Bus price increase announced

By James Horton

Lothian Buses, Edinburgh’s largest bus provider, have announced yesterday that they will be raising the prices of their adult fares from £1.20 to £1.30 as of 3rd April. This is the first change in adult fares since January 2009, which was also a 10p increase.

While student and child prices will be unaffected the revision also includes Adult Day tickets (£3.00 to £3.20) and Ridacards (£42 to £45 per month). The reason given for the increase is to maintain quality and accommodate rising costs, in the official announcement from Lothian Buses they state that “Since the current Adult fares were set in January 2009, the Retail Prices Index has risen by more than 9 percent and the price of fuel has risen by more than 40 percent.”

Ian Craig, the Managing Director of Lothian Buses, also released a statement noting that: “People only have to recall their own personal experience at the supermarket checkout or the petrol station to appreciate how prices have risen.” Nevertheless, the change is likely to be unpopular amongst regular public transport users.

The announcement also includes plans for 75 new buses this year, including 15 “state-of-the-art diesel-electric hybrid vehicles.”

“Reclaim Your Voice”, once again to fight for education.

By Giulia Mattei

Reclaim Your Voice Logo

Yesterday morning, Tuesday the 22nd of March, students from all over Scotland gathered together in Edinburgh with the aim of taking part in the demonstration organised by the Scottish campaign “Reclaim Your Voice”.

Margaret Smith, Scottish Lib Dem education spokesperson and MSP for Edinburgh West, was invited to the rally to speak to the crowd. “”We are the party in government who scrapped Labour’s tuition fees while Tony Blair and the Labour party were increasing tuition fees down south, so I don’t need any lectures from the chap in front of me.” she said while people booed at her.

Oliver, 19 year old protester, comments on her speech by saying “I don’t even understand why she came her, I wouldn’t have had the guts to show up probably”.

The campaign’s website posted a slogan to encourage people to take part in the demonstration, it says : “For the first time in the history of the Scottish Parliament, we face budget cuts. The threat of tuition fees returning to Scotland has never been more real and we know that student support in Scotland is in deep crisis.”

Student leaders, lecturers, trade unionists and parents marched on Holyrood outside the Scottish Parliament before the elections on the 5th of May, to express their disapproval of cut-backs and tuition fees. People felt like it was the right time to step up once again and fight for the future of Scotland’s students, which explains why hundred of them showed up to protest.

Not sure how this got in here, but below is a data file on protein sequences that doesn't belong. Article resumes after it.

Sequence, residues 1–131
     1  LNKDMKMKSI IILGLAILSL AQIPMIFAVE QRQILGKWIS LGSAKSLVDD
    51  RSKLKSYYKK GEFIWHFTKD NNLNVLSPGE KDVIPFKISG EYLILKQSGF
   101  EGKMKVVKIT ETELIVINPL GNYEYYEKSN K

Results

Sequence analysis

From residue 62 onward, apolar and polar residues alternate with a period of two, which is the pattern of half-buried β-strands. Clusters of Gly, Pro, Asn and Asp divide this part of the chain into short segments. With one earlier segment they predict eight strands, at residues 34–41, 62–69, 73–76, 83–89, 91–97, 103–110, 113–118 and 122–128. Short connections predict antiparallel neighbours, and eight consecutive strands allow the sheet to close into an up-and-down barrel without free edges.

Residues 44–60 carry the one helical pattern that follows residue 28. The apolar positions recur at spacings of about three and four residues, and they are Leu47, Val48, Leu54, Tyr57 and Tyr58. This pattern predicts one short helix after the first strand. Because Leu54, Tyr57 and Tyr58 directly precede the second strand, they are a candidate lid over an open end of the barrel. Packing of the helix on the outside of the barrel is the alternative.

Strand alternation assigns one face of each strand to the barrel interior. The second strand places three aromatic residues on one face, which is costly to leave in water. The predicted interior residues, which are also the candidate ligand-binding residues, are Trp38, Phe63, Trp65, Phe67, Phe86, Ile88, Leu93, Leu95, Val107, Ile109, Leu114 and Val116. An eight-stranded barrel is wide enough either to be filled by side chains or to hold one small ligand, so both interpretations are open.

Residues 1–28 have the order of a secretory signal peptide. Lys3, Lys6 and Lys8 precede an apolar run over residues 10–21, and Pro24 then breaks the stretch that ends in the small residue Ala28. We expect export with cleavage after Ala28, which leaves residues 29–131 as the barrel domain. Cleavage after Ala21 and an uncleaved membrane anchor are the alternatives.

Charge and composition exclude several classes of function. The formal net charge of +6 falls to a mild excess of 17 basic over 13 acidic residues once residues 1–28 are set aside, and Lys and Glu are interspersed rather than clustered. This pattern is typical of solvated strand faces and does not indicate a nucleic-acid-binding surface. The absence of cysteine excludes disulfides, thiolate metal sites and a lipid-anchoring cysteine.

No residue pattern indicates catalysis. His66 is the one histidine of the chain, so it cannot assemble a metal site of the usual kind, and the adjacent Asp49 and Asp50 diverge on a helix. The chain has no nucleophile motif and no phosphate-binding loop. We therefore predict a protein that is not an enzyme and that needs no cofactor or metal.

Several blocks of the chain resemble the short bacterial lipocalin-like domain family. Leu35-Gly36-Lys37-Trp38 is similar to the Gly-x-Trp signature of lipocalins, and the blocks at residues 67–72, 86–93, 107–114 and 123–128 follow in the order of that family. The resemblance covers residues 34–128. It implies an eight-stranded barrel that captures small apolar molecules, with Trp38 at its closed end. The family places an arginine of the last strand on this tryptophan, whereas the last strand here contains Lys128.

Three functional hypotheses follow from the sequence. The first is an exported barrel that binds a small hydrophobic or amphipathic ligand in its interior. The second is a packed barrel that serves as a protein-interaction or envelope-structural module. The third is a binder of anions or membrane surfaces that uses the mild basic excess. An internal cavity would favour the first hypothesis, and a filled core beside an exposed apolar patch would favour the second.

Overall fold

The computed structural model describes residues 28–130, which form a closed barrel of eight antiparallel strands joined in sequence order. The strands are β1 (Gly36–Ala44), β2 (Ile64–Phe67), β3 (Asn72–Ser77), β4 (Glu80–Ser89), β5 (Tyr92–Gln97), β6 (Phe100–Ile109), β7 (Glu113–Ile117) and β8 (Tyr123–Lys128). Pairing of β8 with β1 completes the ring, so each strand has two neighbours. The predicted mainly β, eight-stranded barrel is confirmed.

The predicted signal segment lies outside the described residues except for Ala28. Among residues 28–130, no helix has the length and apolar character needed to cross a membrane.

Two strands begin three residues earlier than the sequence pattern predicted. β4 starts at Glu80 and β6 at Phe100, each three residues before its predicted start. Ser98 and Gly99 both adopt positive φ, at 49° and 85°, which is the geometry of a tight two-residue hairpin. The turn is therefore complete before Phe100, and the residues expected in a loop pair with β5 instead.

Protesters urged the parties to rule out tuition fees, increase financial support for students, and protect university and college places, the three commitments demanded by Reclaim Your Voice.

If people were not impressed by Margaret Smith’s talk, they were definitely inspired by by what Liam Burns said. “In the rest of the UK, students were betrayed with huge cuts to colleges and universities and the trebling of tuition fees.” said the President of NUS Scotland, during his speech ahead of the march “We must come together with one voice to make sure that this never happens here in Scotland.” he added while the crowd applauded him.

“Mummy” at the age of 10, and her Mummy is not concerned.

by Giulia Mattei

Tressa Middleton, from Armadale, West Lothian, is the youngest British mother and gave birth at the age of 12. The youngest mother of all time was a five-year-old girl in Peru, back in 1939.

[Read more…]

Cuts? There is a better way!

By Giulia Mattei

Saturday 23 October, more than 20.000 demonstrators marched on the streets of Edinburgh to show their disapproval towards the cuts announced last week in the government’s spending review.

After Chancellor George Osburne announced, on 20 October 2010, the most wide ranging cuts in the public spending for decades, Union Group STUC arranged a protest against the government’s latest decisions.

Grahame Smith, leader of Union Group STUC.

Before the demonstration started, STUC general secretary Grahame Smith released a press declaration and spoke during an interview for the BBC affirming “ We launched this campaign to dispel the myth that there is no economic alternative to these cuts.” He then added,  “there is an alternative. Get people back to work, get the economy growing again, and the public finances will largely take care of themselves.” His inspiring speech continued with him saying “we also launched this campaign to expose the lie that it is those with the broadest shoulders that will bear the brunt of the cuts.”

The Scottish Trades Union Congress has organized a series of other demonstrations that will take place in several Scottish cities during the next months. The campaign “There Is A Better Way” has events programmed at Airdrie Worksmens Social Club on 26 October, in Coatbridge on 28 October , in Blantyre on 6 November, and in Bellshill, North Lanarkshire, on 10 November.

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